7. LISTEN, LISTEN, LISTEN – Almost every person I’ve ever asked tells me they take out their hearing instruments when they return home.  True, hearing is exhausting, but it seems maybe after taking a “break” for a bit, put them back in.  Not only is it not fair to the family, but studies indicate using the ear/brain connection keeps the ear and brain stimulated.
  8. ACCEPT THE NEW YOU – For most of us, hearing loss is progressive.  Over my lifetime, the hearing loss I had 40 years ago was so different from my experience at this moment, being totally deaf when my cochlear implants are off.  There is a point when we admit to ourselves we have crossed a threshold.  It took me a long time to come to terms with how my life changed.
  9. IT’S OKAY TO GRIEVE THIS PROFOUND LOSS – Yes, we grieve the loss of one of our senses that connects us to the universe.  When we mourn, we acknowledge the reality of it all.  But we are so fortunate to be living in a time that offers so many solutions. Embrace those solutions.
  10. DON’T COMPARE YOURSELF TO OTHERS WITH HEARING LOSS – Some people have a mild loss, others have a profound one.  Some hear great in crowds, others avoid these situations because they are a struggle.  Some can listen to music, others cannot.  Due to the nature of my hearing loss, doctors weren’t even sure a cochlear implant would work for me.  So I’m gratefully for whatever sounds I hear.
  11. BE SENSITIVE TO OTHERS WITH HEARING LOSS – It’s not a contest.  Be compassionate.  Sometimes our friends with hearing loss need for us to repeat or rephrase.  Sometimes friends with hearing loss struggle with speech.  There can be frustrations unless friends with hearing loss stop to remember they are not the only one in the room struggling or feeling frustrated.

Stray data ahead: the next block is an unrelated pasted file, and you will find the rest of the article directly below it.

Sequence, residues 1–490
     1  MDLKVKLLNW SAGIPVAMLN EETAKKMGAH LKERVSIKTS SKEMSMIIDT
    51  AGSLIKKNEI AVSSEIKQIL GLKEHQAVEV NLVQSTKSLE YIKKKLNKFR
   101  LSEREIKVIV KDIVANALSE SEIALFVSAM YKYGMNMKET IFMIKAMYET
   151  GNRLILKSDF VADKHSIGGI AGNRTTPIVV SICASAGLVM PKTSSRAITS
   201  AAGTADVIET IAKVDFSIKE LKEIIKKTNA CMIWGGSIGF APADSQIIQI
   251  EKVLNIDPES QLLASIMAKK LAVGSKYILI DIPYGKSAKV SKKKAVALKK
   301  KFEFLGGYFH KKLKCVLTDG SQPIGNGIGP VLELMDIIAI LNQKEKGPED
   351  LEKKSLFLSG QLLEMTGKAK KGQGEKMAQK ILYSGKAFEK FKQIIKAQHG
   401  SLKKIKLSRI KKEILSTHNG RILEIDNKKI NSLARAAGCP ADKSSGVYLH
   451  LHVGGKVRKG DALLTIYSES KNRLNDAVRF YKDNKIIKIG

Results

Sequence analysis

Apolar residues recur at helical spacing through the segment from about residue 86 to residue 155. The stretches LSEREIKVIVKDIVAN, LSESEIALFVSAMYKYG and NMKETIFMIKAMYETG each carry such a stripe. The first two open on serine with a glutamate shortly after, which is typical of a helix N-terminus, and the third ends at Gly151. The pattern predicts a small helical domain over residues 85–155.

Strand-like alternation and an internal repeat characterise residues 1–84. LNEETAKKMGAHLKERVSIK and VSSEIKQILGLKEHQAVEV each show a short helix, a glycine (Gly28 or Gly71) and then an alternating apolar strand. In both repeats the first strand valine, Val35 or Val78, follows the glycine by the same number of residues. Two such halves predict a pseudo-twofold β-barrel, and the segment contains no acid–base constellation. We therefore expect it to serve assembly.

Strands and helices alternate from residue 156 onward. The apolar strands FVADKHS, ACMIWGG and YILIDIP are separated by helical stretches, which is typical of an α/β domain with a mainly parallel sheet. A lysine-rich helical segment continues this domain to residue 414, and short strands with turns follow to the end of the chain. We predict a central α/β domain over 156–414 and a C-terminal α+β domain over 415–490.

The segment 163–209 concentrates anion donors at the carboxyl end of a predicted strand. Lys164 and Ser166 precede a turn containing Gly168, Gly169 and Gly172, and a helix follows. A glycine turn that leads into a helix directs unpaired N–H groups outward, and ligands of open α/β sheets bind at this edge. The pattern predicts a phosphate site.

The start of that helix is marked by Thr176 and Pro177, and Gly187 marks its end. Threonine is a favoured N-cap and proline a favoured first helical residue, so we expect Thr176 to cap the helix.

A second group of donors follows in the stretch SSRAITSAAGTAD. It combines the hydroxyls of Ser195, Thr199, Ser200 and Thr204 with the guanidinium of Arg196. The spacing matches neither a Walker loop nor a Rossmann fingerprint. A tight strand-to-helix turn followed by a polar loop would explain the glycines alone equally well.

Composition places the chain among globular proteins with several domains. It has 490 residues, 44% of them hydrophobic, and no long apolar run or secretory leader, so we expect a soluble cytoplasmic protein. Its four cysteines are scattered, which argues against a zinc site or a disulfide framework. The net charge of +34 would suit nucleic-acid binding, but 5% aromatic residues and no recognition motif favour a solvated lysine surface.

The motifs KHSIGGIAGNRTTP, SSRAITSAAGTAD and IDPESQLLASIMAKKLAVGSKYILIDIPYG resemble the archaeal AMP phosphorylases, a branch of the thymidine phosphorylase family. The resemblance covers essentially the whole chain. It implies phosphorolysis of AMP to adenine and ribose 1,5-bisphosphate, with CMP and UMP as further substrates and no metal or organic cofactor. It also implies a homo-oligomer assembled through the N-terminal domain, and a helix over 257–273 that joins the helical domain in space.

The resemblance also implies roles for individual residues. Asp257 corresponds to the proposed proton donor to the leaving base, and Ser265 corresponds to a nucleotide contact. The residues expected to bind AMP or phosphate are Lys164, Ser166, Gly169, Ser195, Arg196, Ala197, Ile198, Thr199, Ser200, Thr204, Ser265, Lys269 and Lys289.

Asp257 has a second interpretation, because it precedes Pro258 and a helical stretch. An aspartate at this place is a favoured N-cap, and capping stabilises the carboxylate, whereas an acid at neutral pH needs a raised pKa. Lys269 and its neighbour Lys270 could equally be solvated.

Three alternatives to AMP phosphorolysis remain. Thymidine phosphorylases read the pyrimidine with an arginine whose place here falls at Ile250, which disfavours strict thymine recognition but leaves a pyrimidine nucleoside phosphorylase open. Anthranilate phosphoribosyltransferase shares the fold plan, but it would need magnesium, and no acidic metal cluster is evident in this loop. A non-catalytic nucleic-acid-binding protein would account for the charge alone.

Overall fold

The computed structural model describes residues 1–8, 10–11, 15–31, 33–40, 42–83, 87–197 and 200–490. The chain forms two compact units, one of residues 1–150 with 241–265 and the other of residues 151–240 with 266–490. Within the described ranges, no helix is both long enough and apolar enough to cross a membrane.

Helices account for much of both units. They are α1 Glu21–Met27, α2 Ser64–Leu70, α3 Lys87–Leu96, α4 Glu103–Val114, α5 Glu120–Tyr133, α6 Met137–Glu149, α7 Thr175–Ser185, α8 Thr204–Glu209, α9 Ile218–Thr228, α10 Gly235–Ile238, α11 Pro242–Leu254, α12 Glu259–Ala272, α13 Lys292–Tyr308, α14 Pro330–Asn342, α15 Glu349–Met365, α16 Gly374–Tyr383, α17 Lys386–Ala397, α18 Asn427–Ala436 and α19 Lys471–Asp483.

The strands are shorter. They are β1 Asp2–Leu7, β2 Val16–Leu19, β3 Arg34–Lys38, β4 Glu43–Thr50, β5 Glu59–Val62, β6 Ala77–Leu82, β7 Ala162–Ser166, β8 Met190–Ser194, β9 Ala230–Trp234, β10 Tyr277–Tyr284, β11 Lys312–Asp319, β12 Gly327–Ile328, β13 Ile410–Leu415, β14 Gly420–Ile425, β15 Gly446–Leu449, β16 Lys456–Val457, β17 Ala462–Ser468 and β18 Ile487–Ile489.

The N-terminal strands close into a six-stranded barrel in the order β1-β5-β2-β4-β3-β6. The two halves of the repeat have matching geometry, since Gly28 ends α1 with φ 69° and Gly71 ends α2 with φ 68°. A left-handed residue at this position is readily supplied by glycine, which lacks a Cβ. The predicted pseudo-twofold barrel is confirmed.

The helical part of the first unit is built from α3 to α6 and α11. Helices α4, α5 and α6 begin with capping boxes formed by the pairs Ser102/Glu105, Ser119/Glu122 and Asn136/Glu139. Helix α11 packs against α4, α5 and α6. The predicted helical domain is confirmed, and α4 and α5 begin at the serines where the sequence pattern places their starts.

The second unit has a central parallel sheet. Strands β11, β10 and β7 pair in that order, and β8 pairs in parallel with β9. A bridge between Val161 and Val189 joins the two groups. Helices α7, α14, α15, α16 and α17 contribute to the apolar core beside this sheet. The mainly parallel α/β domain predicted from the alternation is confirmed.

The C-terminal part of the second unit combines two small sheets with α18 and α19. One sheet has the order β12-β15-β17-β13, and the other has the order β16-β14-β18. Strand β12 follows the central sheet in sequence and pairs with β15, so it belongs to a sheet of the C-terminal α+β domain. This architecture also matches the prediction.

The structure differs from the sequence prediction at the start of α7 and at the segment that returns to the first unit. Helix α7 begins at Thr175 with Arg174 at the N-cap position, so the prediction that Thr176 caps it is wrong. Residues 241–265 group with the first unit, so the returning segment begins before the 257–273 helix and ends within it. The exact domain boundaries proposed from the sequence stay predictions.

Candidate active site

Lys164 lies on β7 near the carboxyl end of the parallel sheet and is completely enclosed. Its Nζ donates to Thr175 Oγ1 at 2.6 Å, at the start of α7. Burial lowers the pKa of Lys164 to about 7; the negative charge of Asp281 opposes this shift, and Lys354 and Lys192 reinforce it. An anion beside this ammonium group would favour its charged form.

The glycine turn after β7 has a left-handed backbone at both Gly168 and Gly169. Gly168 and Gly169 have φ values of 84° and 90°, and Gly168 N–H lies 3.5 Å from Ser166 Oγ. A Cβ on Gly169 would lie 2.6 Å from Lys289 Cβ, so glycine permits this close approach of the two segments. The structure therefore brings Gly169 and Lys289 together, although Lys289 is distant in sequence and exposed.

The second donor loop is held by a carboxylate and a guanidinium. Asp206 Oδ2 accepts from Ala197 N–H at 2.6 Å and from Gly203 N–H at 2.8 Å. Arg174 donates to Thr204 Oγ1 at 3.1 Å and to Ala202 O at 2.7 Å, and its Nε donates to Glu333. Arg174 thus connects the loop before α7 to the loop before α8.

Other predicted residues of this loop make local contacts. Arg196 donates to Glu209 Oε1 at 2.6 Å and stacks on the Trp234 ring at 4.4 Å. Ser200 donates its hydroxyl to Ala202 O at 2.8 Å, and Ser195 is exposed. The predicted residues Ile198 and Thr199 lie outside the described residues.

12. KEEP TRYING – You may feel a new situation may be a struggle but is it your own way of thinking that is keeping you back?  For instance, for a long time, I avoided joining a writer’s group.  My thought was that I would have trouble around the conference table with back and forth conversation and when writers read their work for critique.  All I had to do was ask, and the entire group happily passed around my microphone.  It would have been a big mistake not to give this a chance.

It can take many years of hard work to assert one’s needs.   It can take many more to realize all the ways we can be part of the equation and be proactive.  But when we do, the world becomes a more vibrant and colorful place.

4 Comments

  1. Thank you for this blog Marygrace. I was curious if you had tinnitus before cochlears and whether you still had it after? I am at moderately severe to severe loss now but it is going quickly. Again, I appreciate all you have to say.

    1. Hi Linda, Sorry I am just seeing this message. I have had tinnitus for a good 40 years. It was awful years ago, but not too bad now. I still do have it, but somehow, it seems better when my cochlear implants are on. I have heard others say this too. Let me know if you have any other questions. Mary